After all the will-he-or-won't-he speculation about Tanaka getting posted by his Japanese club, the Rakuten Eagles, the market for Tanaka's services is now looking like the mall on Christmas Eve. Everybody's buying. Since posting fees for Japanese players are now capped at $20 million, pretty much every MLB team can afford to bid for his services. For reference: When Yu Darvish signed with the Texas Rangers, the posting fee alone (paid to his Japanese team) was $51.7 million.
With a lower posting fee comes more suitors. With more suitors comes a bigger contract for Tanaka. How big? Well, Bob Nightengale of USA Today reports that team officials looking to land Tanaka see his value at $17 million per year — at minimum.
That seems like a lot of money for an unproven-in-the-U.S. pitcher, but when you look at salaries around the league, maybe it isn't. Tim Lincecum's new contract with the San Francisco Giants will pay him $17 million in 2014, after he had a 4.37 ERA last season with a 10-14 record. Mark Buehrle, 12-10 last season with a 4.15 ERA, is making $18 million in 2014.
Darvish signed a six-year, $56 million contract and will make $10 million next season, which seems like a bargain at this point. Tanaka is young and could be an ace. Guys like him don't come around too often on the open market.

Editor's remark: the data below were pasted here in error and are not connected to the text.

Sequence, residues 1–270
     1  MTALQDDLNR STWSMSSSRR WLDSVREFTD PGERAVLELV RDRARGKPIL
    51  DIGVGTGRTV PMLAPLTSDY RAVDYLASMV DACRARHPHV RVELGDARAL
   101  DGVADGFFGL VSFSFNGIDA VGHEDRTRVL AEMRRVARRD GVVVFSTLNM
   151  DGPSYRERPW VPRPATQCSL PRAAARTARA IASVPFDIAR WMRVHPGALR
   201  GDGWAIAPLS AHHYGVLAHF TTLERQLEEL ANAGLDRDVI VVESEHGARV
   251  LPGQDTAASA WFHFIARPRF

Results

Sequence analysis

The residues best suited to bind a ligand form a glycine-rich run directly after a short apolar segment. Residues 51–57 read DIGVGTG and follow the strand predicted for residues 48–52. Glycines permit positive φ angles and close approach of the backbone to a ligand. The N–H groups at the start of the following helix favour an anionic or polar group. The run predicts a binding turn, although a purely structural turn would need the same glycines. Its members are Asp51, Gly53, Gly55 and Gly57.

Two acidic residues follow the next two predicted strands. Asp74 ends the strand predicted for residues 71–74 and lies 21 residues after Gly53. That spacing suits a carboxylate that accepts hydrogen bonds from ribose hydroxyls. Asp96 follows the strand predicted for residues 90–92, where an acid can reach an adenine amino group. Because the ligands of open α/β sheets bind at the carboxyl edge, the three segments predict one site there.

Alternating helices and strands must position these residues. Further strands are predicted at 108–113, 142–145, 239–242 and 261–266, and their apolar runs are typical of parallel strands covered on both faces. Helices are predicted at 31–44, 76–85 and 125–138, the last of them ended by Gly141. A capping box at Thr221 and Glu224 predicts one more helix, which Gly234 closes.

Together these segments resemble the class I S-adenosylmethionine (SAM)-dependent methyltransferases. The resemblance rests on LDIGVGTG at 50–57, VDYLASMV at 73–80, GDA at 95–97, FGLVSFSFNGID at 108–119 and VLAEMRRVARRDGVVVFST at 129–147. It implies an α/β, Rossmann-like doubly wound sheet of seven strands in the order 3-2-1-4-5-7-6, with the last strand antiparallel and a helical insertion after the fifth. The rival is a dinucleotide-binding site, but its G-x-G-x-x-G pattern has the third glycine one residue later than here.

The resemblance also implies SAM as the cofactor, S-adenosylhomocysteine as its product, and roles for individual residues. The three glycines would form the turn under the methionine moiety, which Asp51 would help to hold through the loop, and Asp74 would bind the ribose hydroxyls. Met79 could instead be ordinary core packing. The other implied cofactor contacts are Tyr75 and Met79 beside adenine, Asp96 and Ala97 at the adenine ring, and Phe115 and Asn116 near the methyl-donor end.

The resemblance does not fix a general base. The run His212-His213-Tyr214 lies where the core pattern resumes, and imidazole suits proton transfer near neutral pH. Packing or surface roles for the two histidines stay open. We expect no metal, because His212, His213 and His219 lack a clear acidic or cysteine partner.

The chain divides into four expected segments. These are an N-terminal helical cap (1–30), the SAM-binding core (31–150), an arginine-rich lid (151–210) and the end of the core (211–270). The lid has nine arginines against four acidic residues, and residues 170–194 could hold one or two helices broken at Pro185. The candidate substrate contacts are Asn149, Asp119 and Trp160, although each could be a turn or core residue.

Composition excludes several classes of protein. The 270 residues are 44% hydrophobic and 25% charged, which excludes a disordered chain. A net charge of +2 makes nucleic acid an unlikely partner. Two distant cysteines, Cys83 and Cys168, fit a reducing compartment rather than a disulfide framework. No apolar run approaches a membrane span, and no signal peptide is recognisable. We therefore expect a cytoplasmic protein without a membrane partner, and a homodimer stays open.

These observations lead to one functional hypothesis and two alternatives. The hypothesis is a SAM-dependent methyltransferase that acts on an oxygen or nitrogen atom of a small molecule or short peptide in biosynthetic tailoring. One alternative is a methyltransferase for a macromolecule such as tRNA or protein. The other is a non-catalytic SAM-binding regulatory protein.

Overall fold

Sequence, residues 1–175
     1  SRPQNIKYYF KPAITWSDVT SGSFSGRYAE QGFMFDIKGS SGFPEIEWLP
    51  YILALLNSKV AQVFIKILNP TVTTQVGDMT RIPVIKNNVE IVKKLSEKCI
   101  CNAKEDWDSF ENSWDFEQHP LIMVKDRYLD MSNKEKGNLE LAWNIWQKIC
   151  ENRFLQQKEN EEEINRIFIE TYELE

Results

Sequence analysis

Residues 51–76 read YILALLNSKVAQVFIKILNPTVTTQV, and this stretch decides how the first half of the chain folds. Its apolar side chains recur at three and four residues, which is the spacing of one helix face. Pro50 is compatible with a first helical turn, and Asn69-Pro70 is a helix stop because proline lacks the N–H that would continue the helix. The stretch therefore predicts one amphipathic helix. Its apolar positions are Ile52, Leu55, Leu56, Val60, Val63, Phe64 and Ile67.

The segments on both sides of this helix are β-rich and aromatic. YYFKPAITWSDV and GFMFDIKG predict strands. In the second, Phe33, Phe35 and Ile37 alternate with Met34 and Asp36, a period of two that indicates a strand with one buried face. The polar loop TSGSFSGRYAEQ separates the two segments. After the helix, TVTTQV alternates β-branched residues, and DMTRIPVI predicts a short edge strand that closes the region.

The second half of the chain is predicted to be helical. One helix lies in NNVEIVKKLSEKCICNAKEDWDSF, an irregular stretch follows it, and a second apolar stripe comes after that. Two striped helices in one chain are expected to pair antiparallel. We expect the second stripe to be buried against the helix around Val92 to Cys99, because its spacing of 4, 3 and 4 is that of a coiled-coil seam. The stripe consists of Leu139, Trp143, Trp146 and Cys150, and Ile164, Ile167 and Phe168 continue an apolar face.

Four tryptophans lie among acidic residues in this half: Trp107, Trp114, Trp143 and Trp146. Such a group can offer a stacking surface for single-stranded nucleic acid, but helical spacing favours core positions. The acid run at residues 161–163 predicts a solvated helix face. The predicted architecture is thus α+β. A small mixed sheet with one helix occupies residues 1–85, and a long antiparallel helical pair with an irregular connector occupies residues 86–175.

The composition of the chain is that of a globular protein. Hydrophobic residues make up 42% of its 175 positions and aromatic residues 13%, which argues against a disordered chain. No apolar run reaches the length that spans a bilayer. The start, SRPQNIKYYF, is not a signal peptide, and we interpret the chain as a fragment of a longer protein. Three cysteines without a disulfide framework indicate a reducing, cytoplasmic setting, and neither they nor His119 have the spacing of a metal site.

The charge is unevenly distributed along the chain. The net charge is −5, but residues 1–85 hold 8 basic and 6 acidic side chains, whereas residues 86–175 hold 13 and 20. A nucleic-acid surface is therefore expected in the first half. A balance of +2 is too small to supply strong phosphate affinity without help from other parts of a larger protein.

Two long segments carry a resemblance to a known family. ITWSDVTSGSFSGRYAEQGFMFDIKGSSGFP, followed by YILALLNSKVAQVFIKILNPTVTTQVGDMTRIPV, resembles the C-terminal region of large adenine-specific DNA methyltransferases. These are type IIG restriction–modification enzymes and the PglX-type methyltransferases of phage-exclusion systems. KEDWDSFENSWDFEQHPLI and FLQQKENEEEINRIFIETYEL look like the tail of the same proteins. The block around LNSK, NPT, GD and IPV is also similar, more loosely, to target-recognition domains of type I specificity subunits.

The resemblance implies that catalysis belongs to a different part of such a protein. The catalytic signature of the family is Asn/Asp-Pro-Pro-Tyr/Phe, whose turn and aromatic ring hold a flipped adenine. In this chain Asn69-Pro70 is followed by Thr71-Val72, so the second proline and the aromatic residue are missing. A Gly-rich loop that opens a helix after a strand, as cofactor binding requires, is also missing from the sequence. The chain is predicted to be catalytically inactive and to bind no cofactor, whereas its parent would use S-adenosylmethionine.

As you probably know, Tanaka was 24-0 last season in Japan's Nippon Professional Baseball league with a 1.27 ERA. That wasn't a fluke either. He was 19-5 with a 1.27 ERA in 2011, while his ERA "ballooned" to 1.87 in 2012. For comparison's sake: Darvish was 18-6 with a 1.44 ERA in the NPB the season before he joined the Rangers.
The New York Yankees, of course, are a team that desperately needs starting pitching and have to considered one of the favorites to land Tanaka because, well, they're the Yankees. According to Marc Carig of Newsday, the Yankees have already been in touch with Tanaka's agent, Casey Close, who the team knows well because he's also Derek Jeter's agent.
The big-spending Los Angeles Dodgers are another team that could land Tanaka, as are the increasingly interesting Seattle Mariners, who already paid big bucks to Robinson Cano and have a good history with Japanese players. The Mariners are "going to be a factor," according to a New York Daily News report.
Fact of the matter is, Tanaka makes sense for a lot of teams. Win-now teams will want him to bolster their rotations immediately, while rebuilders could use him three or four years from now when he'll be in his prime. That's why you can't count out a team like the Chicago Cubs.
The next month should be one heck of a wooing period.
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- Sports & Recreation
- Masahiro Tanaka
- Yu Darvish